Over the last couple months, we’ve talked a lot about two nefarious diseases of our modern society that all of us have been infected by one way or the other: individualism and consumerism. In our series on the church we focused our attention on combatting the disease of individualism by instead seeing God’s vision for Christ-centered community. But we now turn to give more attention to that second disease: consumerism. Perhaps more than any of us realize, we are deeply shaped every day to think of ourselves as consumers who need more and more in order to have enough and to be enough. We incessantly imbibe the message: “Your life is lacking. You are missing something you need. You will be fulfilled by the acquisition of more.” It is a disease that keeps us hoarding our stuff while ever searching for a greater and better fix.
In total contrast, the gospel of Jesus shapes us to be not consumers but givers, not takers but contributors. In 2 Corinthians 8 and 9, Paul casts a vision of the Christian life as one of joyful, sacrificial generosity. He grounds this life of generosity in the gospel itself: “For you know the grace of our Lord Jesus Christ, that though he was rich, yet for your sakes he became poor, so that you through his poverty might become rich” (8:9). When this gospel really gets into our souls, it begins to change us. Specifically, it begins to shape us into people of radical generosity, thinking differently about what we give, how we give, when we give, and why we give. We’ll be exploring those themes this Sunday and throughout the next 5 weeks.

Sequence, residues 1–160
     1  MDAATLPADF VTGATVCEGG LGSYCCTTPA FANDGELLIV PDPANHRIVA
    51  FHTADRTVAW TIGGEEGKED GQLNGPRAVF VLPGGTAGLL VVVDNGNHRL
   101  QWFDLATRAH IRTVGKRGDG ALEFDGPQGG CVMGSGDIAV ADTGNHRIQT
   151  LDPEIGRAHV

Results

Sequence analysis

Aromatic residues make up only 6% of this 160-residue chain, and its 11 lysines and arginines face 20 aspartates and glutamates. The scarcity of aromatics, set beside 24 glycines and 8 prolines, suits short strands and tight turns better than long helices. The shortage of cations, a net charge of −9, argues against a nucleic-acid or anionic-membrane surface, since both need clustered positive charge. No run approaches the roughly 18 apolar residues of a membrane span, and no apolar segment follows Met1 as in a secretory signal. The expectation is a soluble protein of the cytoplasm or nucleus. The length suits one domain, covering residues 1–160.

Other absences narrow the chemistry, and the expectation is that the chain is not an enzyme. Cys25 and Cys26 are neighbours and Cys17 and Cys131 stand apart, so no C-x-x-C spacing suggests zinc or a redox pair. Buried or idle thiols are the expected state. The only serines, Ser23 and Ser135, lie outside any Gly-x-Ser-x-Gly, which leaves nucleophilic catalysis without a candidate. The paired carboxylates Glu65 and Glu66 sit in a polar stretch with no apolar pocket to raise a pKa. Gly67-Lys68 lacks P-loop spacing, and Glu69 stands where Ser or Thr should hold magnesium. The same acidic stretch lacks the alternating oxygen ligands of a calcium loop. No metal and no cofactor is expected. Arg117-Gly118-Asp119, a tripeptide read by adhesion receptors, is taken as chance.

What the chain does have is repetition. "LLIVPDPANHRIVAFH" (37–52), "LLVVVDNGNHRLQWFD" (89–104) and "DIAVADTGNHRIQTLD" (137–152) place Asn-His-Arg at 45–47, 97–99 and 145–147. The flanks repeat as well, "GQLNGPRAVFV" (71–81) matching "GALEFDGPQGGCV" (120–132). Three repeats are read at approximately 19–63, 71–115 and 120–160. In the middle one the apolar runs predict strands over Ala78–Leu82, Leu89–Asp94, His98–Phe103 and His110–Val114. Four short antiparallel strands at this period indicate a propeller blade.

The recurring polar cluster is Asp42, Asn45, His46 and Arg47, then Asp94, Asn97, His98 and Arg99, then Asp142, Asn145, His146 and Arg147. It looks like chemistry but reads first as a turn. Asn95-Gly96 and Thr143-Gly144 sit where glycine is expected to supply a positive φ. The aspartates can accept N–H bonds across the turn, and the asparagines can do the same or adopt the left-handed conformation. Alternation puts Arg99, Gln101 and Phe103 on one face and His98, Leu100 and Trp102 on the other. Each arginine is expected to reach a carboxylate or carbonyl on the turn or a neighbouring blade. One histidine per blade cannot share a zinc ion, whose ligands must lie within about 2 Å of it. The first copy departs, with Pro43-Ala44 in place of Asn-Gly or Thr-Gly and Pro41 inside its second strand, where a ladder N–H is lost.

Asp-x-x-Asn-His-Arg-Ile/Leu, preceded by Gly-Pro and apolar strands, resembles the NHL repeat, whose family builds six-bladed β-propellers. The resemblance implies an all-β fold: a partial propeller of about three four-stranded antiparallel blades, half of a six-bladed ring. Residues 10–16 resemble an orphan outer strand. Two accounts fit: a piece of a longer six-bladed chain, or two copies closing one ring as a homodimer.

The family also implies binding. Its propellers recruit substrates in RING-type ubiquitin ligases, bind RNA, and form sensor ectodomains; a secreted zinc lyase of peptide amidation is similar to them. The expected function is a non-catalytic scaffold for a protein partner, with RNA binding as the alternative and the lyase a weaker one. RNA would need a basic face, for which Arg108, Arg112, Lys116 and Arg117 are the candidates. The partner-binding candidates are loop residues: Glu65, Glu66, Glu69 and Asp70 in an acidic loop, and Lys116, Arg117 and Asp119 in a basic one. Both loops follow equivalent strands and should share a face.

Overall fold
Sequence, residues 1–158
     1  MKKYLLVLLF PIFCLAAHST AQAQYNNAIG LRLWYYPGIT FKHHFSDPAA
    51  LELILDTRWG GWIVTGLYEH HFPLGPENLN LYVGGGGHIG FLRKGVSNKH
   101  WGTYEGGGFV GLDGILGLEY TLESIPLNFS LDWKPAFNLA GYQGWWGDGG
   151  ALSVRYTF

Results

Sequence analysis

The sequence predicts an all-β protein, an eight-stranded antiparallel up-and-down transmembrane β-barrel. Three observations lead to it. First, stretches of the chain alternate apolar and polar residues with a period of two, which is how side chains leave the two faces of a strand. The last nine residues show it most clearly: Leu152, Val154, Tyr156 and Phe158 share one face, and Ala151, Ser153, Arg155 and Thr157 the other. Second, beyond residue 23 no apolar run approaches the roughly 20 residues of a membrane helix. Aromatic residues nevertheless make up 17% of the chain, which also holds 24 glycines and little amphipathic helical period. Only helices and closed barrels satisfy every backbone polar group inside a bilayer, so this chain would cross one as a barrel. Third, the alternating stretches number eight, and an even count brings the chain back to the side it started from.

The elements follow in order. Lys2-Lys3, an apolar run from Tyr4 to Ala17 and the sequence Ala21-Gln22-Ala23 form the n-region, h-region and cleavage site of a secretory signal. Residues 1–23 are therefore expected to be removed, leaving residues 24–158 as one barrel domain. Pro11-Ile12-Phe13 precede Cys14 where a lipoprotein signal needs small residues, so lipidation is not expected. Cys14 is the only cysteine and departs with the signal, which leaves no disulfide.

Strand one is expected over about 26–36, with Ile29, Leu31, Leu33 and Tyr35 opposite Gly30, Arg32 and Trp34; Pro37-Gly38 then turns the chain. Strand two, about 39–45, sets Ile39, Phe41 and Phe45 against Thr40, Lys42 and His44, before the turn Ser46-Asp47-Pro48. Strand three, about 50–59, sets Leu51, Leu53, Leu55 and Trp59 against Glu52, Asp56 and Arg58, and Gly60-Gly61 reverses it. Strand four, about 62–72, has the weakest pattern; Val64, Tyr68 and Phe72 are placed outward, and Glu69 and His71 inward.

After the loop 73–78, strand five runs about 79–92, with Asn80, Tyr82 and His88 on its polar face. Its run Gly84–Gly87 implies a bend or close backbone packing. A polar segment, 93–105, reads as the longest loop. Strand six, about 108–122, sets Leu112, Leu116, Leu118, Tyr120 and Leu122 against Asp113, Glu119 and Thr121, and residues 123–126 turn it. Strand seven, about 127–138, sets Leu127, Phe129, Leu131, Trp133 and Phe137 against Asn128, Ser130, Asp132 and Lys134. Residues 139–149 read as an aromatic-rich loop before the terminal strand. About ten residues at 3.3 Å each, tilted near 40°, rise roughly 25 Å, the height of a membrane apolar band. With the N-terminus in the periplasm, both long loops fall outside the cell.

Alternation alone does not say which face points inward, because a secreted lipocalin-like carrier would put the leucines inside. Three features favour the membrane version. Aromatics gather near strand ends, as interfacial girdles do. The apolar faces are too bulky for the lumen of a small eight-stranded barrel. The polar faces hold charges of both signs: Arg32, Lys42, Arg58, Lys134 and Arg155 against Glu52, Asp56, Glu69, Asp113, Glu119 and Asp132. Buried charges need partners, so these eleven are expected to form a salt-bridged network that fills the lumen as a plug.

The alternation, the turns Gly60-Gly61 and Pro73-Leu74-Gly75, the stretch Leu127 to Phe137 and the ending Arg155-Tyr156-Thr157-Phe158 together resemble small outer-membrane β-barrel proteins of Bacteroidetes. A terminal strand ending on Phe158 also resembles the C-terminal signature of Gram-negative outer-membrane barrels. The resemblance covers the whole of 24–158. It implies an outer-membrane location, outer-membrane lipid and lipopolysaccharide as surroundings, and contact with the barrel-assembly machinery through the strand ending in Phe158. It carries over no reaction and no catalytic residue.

In preparation, I encourage you to read the whole of chapters 8 and 9 of 2 Corinthians to get the whole context of Paul’s message on generosity. Also, be praying about what God is calling you and your family to pledge financially to the church on Faith Commitment Sunday, coming up on November 5.
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2 Corinthians 8:1-9
And now, brothers and sisters, we want you to know about the grace that God has given the Macedonian churches. 2 In the midst of a very severe trial, their overflowing joy and their extreme poverty welled up in rich generosity. 3 For I testify that they gave as much as they were able, and even beyond their ability. Entirely on their own, 4 they urgently pleaded with us for the privilege of sharing in this service to the Lord’s people. 5 And they exceeded our expectations: They gave themselves first of all to the Lord, and then by the will of God also to us. 6 So we urged Titus, just as he had earlier made a beginning, to bring also to completion this act of grace on your part. 7 But since you excel in everything—in faith, in speech, in knowledge, in complete earnestness and in the love we have kindled in you[a]—see that you also excel in this grace of giving.
8 I am not commanding you, but I want to test the sincerity of your love by comparing it with the earnestness of others. 9 For you know the grace of our Lord Jesus Christ, that though he was rich, yet for your sake he became poor, so that you through his poverty might become rich.